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I am currently learning about cavitation in my fluid mechanics study. I am confused about the definition of Vapor Pressure, does it exist only in the saturation line? I am also confused about how can a cavitation bubble form just because the fluid pressure dropped below vapor pressure.

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  • $\begingroup$ What is your understanding of the definition of vapor pressure? $\endgroup$ Dec 10 '19 at 12:59
  • $\begingroup$ @ChetMiller Vapor pressure is the pressure exerted by a pure substance in vapor state in 2 phase (vapor and liquid) equilibrium. $\endgroup$
    – Nazvix
    Dec 10 '19 at 13:12
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Vapor pressure is a physical property of a given substance that depends only on the substance's temperature. One way to calculate it involves the Antoine equation (see https://en.wikipedia.org/wiki/Antoine_equation). For a given substance under equilibrium conditions in a closed container, and under ambient pressures higher than its vapor pressure (i.e., there is a mixture in the container), the substance still exerts its vapor pressure. For cases where the associated vapor-liquid equilibrium is ideal, that vapor pressure is the partial pressure of the material inside the container, per Raoult's Law (see https://en.wikipedia.org/wiki/Raoult%27s_law). This means that vapor pressure equals saturation pressure only in the case of a pure component.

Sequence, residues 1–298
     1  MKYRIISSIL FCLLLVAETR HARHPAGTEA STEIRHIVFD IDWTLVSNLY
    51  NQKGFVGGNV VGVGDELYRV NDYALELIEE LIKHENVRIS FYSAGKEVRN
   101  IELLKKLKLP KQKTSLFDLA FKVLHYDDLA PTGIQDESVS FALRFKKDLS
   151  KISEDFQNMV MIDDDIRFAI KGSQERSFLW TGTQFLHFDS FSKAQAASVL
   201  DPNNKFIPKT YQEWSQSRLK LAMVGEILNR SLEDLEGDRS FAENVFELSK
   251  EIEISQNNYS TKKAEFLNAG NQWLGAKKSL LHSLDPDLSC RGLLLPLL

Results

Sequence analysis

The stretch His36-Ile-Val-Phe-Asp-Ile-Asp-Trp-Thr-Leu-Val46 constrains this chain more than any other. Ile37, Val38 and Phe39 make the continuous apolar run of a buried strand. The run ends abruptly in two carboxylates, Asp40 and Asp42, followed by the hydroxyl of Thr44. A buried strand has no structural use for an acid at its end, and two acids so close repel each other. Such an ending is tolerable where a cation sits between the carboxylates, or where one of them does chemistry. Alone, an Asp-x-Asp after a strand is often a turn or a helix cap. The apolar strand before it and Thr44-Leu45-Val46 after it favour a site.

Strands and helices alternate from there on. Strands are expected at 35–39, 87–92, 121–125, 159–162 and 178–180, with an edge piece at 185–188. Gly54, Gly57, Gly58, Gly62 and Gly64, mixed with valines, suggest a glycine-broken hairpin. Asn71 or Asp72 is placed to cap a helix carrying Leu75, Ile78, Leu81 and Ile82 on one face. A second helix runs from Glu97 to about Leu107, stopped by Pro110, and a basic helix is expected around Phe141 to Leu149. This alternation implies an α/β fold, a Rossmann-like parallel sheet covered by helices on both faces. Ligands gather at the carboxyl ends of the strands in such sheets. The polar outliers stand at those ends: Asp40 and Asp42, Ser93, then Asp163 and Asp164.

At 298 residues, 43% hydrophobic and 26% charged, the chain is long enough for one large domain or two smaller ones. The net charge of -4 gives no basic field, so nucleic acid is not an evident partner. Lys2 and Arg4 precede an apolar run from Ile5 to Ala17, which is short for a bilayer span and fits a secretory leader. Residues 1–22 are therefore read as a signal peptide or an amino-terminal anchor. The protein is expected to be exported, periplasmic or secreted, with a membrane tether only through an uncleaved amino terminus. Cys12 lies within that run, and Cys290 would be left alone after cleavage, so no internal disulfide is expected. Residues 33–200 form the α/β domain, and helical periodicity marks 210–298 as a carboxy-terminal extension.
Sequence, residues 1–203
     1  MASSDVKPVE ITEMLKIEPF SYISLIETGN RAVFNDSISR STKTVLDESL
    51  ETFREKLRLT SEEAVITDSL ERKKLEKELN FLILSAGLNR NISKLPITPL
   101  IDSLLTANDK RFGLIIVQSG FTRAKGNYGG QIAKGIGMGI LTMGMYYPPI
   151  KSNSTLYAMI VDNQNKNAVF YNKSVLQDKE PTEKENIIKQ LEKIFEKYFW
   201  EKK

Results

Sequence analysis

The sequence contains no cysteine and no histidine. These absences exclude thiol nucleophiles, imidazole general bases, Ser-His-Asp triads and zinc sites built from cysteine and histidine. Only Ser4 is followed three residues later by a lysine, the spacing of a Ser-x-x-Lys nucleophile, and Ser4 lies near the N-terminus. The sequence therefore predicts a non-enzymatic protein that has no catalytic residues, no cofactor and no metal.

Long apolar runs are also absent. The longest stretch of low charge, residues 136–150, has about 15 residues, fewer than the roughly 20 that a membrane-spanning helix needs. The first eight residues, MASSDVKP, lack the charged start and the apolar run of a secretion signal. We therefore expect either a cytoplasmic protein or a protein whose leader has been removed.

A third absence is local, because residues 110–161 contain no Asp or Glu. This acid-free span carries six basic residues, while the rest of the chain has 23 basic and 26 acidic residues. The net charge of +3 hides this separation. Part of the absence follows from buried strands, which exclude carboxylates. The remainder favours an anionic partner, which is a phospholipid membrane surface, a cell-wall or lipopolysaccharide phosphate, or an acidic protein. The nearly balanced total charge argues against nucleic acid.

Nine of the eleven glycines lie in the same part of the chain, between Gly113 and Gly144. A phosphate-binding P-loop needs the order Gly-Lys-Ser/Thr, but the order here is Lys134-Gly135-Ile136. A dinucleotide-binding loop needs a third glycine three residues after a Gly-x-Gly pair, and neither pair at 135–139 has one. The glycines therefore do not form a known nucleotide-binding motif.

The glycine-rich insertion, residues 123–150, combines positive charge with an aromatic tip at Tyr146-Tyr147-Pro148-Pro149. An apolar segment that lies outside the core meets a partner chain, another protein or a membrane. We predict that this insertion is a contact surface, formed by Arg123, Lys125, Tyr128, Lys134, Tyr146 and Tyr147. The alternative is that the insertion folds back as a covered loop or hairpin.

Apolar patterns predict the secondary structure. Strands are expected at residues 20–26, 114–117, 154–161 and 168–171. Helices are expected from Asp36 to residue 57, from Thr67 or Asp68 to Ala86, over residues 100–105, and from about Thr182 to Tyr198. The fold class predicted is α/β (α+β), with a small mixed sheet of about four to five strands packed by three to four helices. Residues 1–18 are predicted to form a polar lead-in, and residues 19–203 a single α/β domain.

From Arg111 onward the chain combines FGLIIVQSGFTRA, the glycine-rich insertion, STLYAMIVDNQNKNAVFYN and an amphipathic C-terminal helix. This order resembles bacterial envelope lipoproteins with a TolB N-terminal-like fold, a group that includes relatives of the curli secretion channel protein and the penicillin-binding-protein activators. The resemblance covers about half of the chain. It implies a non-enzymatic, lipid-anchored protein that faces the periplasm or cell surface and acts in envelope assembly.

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  • $\begingroup$ Thank you for the answer. $\endgroup$
    – Nazvix
    Dec 10 '19 at 16:30
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We need two parameters to specify the thermodynamic state of a pure material. They are temperature and pressure.

At any temperature, all materials have a defined vapor pressure. The vapor pressure of a material is the pressure at which the material will be in exact equilibrium with its pure vapor at that total pressure.

As we decrease the temperature on a material, the vapor pressure of the material also decreases. Liquid water boils at 1 atm at 100 °C. Liquid water boils at 23.8 Torr pressure at 25 °C.

When we have liquid water at 25 °C; in a room at 1 atm pressure, the water still has a vapor pressure of 23.8 Torr. When we would decrease the pressure on the liquid water (e.g. through cavitation) to a pressure below 23.8 Torr, the liquid water will boil. In cavitation, this is the formation of bubbles.

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  • $\begingroup$ Okay, I get it now regarding the formation of the cavitation bubble. About vapor pressure, does that mean vapor pressure = saturation pressure? $\endgroup$
    – Nazvix
    Dec 10 '19 at 15:16

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